Despite this, you might be tempted to thrust the damper setting up to 10 and try to crank out powerful pulls to maximize your output, but Dunne says this is a poisoned chalice.

Doing this can exhaust your muscles before you’ve had a chance to experience the rowing machine’s cardio perks. Instead, find a damper setting that allows you to achieve a consistent output, which you can gauge from feedback on the monitor. 

You might also want to vary the damper setting depending on the sort of workout you’re tackling. Dunne recommends trying a lower setting for a longer, aerobic-focused WOD, and higher settings if you’re looking to develop strength and power during shorter sessions. 

Rowing Technique

There are four stages of each rowing stroke; the catch, the drive, the finish and the recovery. I asked Dunne to break down each one, so you can hone your technique, one step at a time. 

1. The Catch

This is the starting point of each stroke. Your knees should be bent so your shins are vertical, and your arms should be straight out in front of you holding the handle. 

Look straight ahead, and keep a neutral spine with a slight forward lean towards the fan cage. 

It’s not necessary to keep your heels connected to the footplates during this phase. Allow them to lift if you need them to. 

2. The Drive

Use your legs to drive through your feet and push your body away from the fan cage. 

As your legs straighten lean back slightly, maintaining a neutral spine, then use your back and biceps to pull the handle to your sternum. 

The chain attaching the handle to the fan wheel should remain flat throughout this motion.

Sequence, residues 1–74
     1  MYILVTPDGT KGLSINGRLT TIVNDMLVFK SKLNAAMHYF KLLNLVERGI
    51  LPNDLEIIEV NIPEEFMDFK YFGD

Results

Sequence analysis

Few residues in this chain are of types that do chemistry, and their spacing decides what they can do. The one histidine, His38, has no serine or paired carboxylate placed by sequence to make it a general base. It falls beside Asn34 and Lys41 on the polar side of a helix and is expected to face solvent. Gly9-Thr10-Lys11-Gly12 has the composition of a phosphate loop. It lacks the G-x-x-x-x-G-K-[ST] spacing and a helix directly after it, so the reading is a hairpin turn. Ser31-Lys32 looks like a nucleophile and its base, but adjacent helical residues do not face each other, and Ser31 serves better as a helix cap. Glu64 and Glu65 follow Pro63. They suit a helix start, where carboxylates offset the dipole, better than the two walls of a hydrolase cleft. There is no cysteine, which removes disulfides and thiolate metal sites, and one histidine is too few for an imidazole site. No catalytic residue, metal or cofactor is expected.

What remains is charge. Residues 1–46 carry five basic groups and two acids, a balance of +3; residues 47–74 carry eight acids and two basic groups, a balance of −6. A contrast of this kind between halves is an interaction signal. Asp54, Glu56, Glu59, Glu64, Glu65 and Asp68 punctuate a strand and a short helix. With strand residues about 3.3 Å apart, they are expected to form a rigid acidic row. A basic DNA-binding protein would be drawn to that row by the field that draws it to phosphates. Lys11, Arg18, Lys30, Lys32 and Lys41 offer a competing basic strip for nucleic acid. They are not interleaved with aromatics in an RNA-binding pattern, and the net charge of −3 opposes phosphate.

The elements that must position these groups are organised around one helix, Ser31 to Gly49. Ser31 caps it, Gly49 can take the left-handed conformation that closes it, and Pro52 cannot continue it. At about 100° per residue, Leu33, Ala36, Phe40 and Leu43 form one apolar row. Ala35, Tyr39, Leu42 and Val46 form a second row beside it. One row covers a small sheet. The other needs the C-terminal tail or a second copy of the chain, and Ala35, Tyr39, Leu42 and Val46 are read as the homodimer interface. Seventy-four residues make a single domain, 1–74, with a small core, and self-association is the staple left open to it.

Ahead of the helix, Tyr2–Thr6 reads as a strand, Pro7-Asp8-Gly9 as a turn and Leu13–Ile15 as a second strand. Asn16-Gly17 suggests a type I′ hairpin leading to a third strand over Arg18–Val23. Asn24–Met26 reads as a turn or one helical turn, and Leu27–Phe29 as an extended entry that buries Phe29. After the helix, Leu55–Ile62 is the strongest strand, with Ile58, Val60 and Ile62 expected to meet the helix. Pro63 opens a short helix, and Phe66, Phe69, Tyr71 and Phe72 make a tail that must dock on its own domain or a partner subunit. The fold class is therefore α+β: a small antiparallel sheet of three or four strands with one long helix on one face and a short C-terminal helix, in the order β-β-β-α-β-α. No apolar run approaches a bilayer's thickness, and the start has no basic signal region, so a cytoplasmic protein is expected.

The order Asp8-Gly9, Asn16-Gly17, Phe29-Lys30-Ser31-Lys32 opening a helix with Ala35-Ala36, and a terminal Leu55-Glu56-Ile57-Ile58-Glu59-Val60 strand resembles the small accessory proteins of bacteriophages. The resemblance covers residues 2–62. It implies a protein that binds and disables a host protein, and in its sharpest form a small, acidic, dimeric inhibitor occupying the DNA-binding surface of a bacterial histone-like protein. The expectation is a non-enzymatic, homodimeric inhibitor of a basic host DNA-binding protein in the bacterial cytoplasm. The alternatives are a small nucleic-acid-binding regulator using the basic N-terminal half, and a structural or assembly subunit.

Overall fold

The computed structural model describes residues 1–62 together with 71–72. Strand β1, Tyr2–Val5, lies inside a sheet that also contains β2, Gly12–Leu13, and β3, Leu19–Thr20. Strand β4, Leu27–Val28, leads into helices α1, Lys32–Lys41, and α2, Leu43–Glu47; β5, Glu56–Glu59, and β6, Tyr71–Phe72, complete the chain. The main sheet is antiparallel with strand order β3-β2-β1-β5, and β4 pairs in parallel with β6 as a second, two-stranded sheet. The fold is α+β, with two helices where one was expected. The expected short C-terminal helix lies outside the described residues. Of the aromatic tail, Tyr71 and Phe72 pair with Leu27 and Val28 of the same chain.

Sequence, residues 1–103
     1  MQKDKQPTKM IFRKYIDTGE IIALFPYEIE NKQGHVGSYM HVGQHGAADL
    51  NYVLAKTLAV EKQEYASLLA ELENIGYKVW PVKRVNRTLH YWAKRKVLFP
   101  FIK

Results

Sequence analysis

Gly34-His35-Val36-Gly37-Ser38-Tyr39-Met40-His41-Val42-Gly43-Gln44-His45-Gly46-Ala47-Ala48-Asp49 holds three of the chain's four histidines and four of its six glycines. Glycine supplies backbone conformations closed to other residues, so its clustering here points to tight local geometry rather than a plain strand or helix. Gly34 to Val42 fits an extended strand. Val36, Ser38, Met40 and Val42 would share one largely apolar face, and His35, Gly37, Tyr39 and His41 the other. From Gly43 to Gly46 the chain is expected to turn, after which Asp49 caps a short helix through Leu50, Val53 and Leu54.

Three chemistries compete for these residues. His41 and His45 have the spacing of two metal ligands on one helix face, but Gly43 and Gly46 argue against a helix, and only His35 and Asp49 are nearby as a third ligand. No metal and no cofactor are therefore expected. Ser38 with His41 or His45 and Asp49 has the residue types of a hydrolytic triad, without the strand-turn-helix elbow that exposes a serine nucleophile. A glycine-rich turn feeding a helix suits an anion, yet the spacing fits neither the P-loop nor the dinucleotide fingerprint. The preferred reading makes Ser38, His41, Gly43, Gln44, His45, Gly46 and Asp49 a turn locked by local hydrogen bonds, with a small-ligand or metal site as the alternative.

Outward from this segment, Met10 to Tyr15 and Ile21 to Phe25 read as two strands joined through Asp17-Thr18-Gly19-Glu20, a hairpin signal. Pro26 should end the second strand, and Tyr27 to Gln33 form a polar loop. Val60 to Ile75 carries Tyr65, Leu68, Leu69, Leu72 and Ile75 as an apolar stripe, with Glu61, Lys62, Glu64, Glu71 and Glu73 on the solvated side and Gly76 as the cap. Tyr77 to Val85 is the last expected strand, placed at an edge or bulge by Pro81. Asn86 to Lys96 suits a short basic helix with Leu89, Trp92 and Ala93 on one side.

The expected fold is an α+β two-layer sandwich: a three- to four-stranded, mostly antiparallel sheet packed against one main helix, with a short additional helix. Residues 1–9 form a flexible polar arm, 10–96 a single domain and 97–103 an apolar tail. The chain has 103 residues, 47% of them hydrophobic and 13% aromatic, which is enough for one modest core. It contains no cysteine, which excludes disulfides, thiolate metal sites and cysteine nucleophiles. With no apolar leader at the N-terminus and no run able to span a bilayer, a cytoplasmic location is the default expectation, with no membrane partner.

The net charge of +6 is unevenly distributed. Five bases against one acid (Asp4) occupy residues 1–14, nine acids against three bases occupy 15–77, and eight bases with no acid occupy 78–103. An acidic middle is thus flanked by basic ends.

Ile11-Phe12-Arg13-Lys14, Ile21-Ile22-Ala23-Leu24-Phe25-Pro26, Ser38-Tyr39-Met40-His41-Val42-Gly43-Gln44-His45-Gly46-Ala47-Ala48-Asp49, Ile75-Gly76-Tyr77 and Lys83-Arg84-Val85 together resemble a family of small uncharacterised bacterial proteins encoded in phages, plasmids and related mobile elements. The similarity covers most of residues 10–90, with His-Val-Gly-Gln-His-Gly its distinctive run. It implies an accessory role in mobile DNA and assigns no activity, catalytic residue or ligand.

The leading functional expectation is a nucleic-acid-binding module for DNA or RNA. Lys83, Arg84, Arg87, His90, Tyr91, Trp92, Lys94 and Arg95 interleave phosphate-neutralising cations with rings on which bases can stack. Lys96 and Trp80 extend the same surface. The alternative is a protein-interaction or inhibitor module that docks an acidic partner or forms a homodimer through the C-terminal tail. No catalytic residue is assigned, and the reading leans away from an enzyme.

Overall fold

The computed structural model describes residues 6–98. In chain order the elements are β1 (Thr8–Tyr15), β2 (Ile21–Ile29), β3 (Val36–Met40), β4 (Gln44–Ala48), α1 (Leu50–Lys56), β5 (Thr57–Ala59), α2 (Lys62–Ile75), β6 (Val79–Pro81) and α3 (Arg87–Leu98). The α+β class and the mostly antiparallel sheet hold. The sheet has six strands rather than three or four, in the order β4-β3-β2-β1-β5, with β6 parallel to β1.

3. The Finish

At the end of the drive phase, hold your position for a split second. Your legs should be extended, you should be leaning back slightly, and the handle is pulled to your body just below your ribs.

4. The Recovery

This is the phase people often switch off for, so pay attention. Instead of just crumpling back into the catch position, be deliberate about how you transition between the two, as this is your chance to take a breath before your next big drive. 

First, extend your arms, then hinge at the hips to lean towards the flywheel. Once your hands have passed your knees, Dunne says, begin to bend your knees to slide the seat back towards the flywheel. 

You should also try to relax your grip here to stop your forearms fatiguing. 


There are plenty of CrossFit workouts with rowing as a prevalent feature. Perhaps the best-known is Jackie, which tasks you to complete a 1,000m row followed by 50 empty-bar thrusters and 30 pull-ups as quickly as possible. 

Or, if you’re after a rowing workout that keeps you in your seat throughout, try a 2K test. The gold standard for covering the distance is seven minutes, but be warned, it’s not as easy as it sounds. This 2K rowing plan will help improve your time.

Harry Bullmore
Staff writer

Harry covers news, reviews and features for Coach, Fit&Well and Live Science. With over a decade of training experience, he has tried everything from powerlifting to gymnastics, cardio to CrossFit, all in a bid to find fun ways of building a healthy, functional body.